Do you remember the moment you found out about the insurrection on U.S. Capitol back in January? Wasn't that insane? Well, HBO is looking to take you right back to that with its new documentary about the attack, which famously came on the day Joe Biden's presidency was certified by Congress. If you're looking to get inside the minds of the people who were actually there, waving around their Trump flags and violently pushing their way into the Capitol at the expense of a few lives, well, here's your chance. Harrowing!

InsecureSeason 5
Oct. 24 on HBO, HBO Max
It's going to be really hard to say goodbye to Insecure. After five seasons, the comedy is wrapping up this year, but it's not letting its heroine off the hook just yet. In these episodes, Issa (Issa Rae) is trying to manifest a "drama-free and happy" life, but that seems like it might be a difficult vibe to achieve when the fate of so many of her relationships, most importantly the ones she has with Molly (Yvonne Orji) and Lawrence (Jay Ellis), are uncertain. I can't wait to find out what Mirror Issa has to say about this latest crop of problems.

Curb Your Enthusiasm
Oct. 24 on HBO, HBO Max
Larry David would have LOVED the pandemic as an instant excuse to avoid social obligations, but where's the fun in watching that? Season 11 of David's Curb Your Enthusiasm puts Larry in a post-pandemic world where he still has to mill about with those who bother him the most: everyone. Following the events of Season 10, Larry will be saddled with lawsuits that pinch his wallet and he'll get involved in local politics. The guest list sounds great too: Woody HarrelsonLucy LiuKaley CuocoSeth Rogen, and many familiar faces from seasons past. -Tim Surette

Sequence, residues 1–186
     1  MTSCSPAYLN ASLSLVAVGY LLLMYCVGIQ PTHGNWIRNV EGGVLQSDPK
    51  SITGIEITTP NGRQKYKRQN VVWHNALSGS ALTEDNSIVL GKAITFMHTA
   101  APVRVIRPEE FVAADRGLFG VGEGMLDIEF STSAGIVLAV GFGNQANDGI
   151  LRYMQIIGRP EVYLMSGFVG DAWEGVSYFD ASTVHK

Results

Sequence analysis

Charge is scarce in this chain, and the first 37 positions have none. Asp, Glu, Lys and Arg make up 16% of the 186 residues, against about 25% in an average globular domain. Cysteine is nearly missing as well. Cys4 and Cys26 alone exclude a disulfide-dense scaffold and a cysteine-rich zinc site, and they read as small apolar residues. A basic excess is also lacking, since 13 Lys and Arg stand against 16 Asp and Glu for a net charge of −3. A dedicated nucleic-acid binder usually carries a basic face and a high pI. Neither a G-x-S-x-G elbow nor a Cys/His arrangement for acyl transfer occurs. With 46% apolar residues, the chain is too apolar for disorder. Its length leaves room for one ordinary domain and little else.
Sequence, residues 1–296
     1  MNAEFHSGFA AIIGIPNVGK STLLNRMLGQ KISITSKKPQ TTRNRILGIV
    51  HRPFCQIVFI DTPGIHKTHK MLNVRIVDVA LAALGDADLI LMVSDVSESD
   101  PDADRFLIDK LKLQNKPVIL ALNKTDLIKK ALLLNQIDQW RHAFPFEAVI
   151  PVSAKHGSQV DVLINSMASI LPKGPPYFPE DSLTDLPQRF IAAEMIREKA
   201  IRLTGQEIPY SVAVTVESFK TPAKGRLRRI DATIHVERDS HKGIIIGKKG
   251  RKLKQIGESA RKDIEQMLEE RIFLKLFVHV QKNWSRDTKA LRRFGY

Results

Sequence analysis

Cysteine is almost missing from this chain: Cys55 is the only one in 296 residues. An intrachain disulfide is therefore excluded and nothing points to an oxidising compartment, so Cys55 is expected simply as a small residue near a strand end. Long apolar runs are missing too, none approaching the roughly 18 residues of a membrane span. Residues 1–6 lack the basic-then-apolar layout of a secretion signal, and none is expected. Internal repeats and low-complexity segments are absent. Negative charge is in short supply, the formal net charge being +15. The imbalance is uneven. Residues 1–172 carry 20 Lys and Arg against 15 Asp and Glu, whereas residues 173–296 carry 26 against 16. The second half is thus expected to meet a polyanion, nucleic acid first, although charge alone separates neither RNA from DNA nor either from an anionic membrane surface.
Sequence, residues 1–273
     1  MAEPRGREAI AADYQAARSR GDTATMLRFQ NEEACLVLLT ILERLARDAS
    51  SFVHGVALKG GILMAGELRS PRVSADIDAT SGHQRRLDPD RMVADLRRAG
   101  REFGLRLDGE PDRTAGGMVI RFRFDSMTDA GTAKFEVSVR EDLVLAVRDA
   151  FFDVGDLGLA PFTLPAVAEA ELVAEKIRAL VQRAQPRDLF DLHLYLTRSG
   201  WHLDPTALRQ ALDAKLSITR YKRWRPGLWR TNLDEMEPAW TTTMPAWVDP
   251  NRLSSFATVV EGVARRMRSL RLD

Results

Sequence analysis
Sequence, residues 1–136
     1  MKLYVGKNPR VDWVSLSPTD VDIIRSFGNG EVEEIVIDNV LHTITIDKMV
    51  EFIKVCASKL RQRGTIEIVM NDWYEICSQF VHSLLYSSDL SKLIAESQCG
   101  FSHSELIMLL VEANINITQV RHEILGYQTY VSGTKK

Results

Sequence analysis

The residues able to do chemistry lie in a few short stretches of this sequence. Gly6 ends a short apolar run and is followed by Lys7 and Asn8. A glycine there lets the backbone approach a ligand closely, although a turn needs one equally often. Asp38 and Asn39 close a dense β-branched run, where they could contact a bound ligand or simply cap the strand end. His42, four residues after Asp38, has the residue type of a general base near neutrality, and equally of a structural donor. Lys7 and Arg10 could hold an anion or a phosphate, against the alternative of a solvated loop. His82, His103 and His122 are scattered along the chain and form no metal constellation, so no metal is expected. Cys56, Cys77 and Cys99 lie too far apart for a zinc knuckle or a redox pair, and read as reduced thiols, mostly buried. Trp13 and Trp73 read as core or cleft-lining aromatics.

Love LifeSeason 2
Oct. 28 on HBO Max 
In its first season, Love Life, HBO Max's anthology dramedy, was a cute show about Anna Kendrick looking for love... in her life. In its second, William Jackson Harper gets to be the one on the hunt for some love. He plays Marcus, who is fresh off a break-up with his long-term girlfriend and forced to reconsider everything he thought he knew about romance as he gets back out into the world of dating.

Looking for more recommendations of what to watch next? We have a ton of them! And if you're looking for more hand-picked recommendations based on TV shows you love, we have those too.